While assembling the British parliamentarians, he reached out to Churchill. While speaking at the U.S. Congress, he called for Pearl Harbor. When beamed into the Bundestag, he hinted at the threat of a new Wall in Europe.
Ukrainian President Volodymyr Zelensky has won thunderous applause in parliaments across the West with a series of spirited speeches from wartime Kyiv tailored for every audience.
We reminisce about salient moments in his virtual world tour, ahead of his speech to French and Japanese lawmakers on Wednesday.
‘Prove you with us’
On March 1, less than a week after the war, the lethargic -looking Zelensky spoke in the European Parliament.
The 44-year-old former TV actor framed the fight against Russia as a struggle to defend European ambitions for which Ukrainians carried out two revolutions in the past two decades.
“Prove you are with us,” he told MPs. “Prove you haven’t left us and you’re really a European,” he said, a day after asking for fast EU membership for Ukraine.
‘We will fight on the beach’
On March 8, as the number of Ukrainians fleeing the fighting reached two million, he called for the resistance of wartime British prime minister Winston Churchill in pledging the struggle to an end.
“We will fight in the woods, on the farm, on the beach, on the streets,” he told the UK House of Representatives, echoing Churchill’s historic speech “We will fight on the beach” in the face of Nazi Germany’s progress in June 1940.
‘Please close the sky’
On March 15, when a residential neighborhood in Kyiv was attacked, he asked lawmakers in Canada, the country with the world’s second -largest Ukrainian diaspora, to imagine the city and their children being bombed.
“Please close the skies,” he pleaded with Prime Minister Justin Trudeau, calling for a no -fly zone over Ukraine.
‘Remember Pearl Harbor’
On March 16, he led members of the U.S. Congress to rise with a heartwarming speech comparing the bombing of Ukrainian cities to the attacks on Pearl Harbor that drew the United States into World War II.
As Ukrainians mourned 10 people killed queuing for bread in the city of Chernihiv, Zelensky likened the Russian invasion to the September 11, 2001 terrorist attacks in the U.S., “when evil tried to turn your city … into a battlefield”.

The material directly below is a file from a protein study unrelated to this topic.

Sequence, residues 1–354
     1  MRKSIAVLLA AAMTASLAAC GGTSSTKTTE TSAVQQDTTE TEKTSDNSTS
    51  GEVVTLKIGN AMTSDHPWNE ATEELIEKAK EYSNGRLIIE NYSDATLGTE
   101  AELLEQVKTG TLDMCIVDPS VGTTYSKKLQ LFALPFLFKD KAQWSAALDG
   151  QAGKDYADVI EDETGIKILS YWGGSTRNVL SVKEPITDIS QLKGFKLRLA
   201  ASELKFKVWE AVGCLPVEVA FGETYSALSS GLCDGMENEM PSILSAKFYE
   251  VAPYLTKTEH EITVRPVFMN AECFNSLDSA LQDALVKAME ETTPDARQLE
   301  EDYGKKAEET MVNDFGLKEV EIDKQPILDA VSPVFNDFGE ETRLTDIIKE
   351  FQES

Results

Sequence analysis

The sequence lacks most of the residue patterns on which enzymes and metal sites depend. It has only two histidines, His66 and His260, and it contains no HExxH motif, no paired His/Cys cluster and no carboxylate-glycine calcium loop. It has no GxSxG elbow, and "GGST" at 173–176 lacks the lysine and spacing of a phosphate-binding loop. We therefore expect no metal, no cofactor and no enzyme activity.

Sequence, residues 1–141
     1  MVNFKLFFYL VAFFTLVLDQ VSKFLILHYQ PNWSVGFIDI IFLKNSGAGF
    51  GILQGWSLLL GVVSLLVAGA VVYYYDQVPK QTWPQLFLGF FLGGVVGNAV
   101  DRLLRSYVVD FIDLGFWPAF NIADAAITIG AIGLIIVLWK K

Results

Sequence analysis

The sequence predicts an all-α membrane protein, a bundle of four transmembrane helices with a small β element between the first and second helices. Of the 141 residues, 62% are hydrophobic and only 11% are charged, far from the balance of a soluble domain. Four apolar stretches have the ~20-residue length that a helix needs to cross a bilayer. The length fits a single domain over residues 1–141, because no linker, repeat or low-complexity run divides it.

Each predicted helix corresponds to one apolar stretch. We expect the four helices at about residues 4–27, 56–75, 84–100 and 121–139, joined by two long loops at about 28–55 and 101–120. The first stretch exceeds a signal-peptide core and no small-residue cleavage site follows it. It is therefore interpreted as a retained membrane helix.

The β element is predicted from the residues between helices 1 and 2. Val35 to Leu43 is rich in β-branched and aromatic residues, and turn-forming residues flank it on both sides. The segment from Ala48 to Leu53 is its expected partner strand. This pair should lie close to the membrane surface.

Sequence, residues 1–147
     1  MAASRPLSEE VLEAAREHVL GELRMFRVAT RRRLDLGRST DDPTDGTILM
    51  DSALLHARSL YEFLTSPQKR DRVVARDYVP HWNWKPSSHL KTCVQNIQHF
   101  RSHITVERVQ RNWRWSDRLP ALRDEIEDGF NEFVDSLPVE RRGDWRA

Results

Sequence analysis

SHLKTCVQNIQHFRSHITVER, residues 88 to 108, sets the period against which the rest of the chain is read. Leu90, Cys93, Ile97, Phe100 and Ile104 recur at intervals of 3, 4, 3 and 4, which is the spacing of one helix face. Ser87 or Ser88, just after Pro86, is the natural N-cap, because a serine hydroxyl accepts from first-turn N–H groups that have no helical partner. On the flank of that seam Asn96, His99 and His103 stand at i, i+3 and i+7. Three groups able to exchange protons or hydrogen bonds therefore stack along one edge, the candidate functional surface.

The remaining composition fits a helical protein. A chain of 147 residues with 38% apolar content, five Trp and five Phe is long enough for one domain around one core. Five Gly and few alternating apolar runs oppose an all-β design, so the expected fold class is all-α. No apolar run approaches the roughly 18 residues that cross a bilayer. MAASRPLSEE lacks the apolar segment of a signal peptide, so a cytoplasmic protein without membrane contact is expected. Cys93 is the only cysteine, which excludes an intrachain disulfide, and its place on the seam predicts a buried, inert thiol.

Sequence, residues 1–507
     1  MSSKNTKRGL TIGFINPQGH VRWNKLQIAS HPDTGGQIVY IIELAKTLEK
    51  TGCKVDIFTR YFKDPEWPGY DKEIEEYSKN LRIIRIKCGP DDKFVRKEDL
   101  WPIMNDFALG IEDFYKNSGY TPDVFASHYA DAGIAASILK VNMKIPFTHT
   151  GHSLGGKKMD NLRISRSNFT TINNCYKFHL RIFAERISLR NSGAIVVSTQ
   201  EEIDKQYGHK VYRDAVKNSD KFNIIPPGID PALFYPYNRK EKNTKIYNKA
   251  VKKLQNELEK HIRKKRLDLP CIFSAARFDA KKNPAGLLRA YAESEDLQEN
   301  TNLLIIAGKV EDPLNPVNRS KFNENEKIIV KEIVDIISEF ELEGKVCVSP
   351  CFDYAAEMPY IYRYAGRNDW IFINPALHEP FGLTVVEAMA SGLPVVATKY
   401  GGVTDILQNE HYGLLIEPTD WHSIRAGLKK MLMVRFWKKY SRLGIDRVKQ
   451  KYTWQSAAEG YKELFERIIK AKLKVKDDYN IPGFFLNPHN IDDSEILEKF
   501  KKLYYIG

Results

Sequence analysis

‘Tear down this wall’
One of his most effective speeches was to lawmakers in German on March 17, when reports emerged that a theater housing hundreds of civilians in Mariupol had collapsed.
Zelensky warned that Russia was building a new “Wall” in Europe between “freedom and slavery” and called on German Chancellor Olaf Scholz to tear it down, reiterating U.S. President Ronald Reagan’s 1987 appeal to Soviet leader Mikhail Gorbachev.
‘The ultimate solution’
After reaching the right note with European and U.S. audiences, Zelensky, who is Jewish, drew criticism in Israel after a speech to the Knesset on March 20 comparing Russia’s aggression to the Holocaust.
Urging Israel, which does not join Western sanctions against Russia, to step up efforts for Ukraine, he declared: “Ukraine made the choice to save Jews 80 years ago.”
He was reprimanded by Israeli Communications Minister Yoaz Hendel, who noted that part of the European Jewish genocide took place in Ukraine.
‘Freeze their yachts’
On March 22, he told lawmakers in Italy, which is a popular holiday destination for wealthy Russians, to stop being a playground for the Russian elite.
“Don’t be a place that welcomes these people,” he urged.
“We must freeze them all: freeze their property, their accounts, their yachts, from Scheherazade to the smallest,” he said referring to the mega yachts anchored off the Tuscan coast.
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